Some things to think about: Poseidon, armadas, treasures, foreshore and seabed, watery graves, climate change refugees, erosion, purification, Old Man and the Sea, astrology, battles on it and battles for it, tropical storms and big snows, river highways, irrigation, tears, Shackleton…..

Please send your abstract of 100-200 words toemma@projectfreerange.com by April 1 .

Catching up on some reading & whatnot

I’m working my way through all the articles big and small (plus some videos) that I let linger during crazy week last week…

Also this weekend I discovered the work of the New Zealand-based artist Xin Cheng. Sounds like my kind of stuff. I shall follow up. After coffee #3.

Economies of sharing in rural Ireland + I guess nothing changes with me

An excerpt from the book I’m rereading right now, O Come Ye Back to Ireland, my favorite book when I was a kid, recently discovered anew after twenty years of gathering dust on my parents’ bookshelves. I guess I haven’t changed at all because I still love it.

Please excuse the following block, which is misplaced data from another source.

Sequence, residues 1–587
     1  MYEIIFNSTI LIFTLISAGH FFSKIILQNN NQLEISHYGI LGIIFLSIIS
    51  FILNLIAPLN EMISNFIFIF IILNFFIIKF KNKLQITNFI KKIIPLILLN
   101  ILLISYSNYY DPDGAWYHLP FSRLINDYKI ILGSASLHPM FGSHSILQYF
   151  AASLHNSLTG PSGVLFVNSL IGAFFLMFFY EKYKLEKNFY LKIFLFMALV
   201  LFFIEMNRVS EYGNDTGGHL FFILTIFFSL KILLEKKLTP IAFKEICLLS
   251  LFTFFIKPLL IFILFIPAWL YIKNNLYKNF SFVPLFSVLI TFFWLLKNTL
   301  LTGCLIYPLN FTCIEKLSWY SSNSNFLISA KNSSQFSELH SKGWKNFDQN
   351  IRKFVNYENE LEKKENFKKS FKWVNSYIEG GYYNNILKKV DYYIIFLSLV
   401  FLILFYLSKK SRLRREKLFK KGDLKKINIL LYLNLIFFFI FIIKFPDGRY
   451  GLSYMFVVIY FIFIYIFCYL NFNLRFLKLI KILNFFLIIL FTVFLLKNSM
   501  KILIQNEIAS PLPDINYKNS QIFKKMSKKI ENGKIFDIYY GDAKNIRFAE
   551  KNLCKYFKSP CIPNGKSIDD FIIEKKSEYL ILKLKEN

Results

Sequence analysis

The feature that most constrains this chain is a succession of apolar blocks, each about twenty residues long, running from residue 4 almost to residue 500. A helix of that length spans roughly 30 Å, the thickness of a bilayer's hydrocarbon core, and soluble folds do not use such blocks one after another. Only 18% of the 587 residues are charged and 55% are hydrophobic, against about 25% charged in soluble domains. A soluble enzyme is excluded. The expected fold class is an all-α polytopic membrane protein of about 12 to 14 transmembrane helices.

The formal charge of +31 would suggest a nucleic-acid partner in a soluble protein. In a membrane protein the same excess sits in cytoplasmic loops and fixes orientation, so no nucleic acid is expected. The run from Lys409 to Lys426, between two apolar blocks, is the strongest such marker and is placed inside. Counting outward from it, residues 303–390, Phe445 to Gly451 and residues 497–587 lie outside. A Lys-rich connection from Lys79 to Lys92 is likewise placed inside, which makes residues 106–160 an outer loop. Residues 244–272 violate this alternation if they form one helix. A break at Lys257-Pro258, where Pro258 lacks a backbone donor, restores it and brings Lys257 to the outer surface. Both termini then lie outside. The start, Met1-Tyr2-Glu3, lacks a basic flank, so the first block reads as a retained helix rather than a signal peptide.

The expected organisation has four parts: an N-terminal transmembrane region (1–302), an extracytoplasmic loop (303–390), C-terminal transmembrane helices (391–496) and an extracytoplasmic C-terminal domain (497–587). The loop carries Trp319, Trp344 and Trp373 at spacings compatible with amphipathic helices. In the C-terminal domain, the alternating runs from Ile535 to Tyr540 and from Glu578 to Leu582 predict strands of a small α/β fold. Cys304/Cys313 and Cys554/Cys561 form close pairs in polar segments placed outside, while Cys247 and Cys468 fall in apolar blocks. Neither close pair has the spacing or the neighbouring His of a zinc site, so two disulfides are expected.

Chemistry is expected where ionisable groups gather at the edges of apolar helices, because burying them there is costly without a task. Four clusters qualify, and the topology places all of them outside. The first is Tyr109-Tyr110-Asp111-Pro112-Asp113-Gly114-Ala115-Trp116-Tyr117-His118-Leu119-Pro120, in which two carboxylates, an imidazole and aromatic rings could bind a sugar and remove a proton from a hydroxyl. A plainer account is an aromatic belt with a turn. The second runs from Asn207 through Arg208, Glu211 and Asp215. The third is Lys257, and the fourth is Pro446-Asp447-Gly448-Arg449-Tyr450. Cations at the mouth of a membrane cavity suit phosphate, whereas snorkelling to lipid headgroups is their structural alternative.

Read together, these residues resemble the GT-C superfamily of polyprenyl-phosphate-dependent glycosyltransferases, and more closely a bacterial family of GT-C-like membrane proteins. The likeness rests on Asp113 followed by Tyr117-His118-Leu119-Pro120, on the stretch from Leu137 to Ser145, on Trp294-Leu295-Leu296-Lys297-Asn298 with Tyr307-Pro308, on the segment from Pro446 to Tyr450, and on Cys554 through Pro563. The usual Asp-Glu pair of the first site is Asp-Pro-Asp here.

Comhair is an Irish word for which there is really no English equivalent. Literally, it means help, but in the context of the West [of Ireland] it has come to mean something much more than that. The comhair, as it was called long ago, was the word for the powerful sense of community in a place, whereby men and women “gave” each other days, sharing labors on the farm and on the bog. In a time of great poverty it was this kind of teamwork that enabled each farm in a townland to get turf cut, to get the potatoes in, and to tram or bring in the hay. The men might be at O’Shea’s today, they would be at Breen’s tomorrow. Comhair. It is the mechanism of community.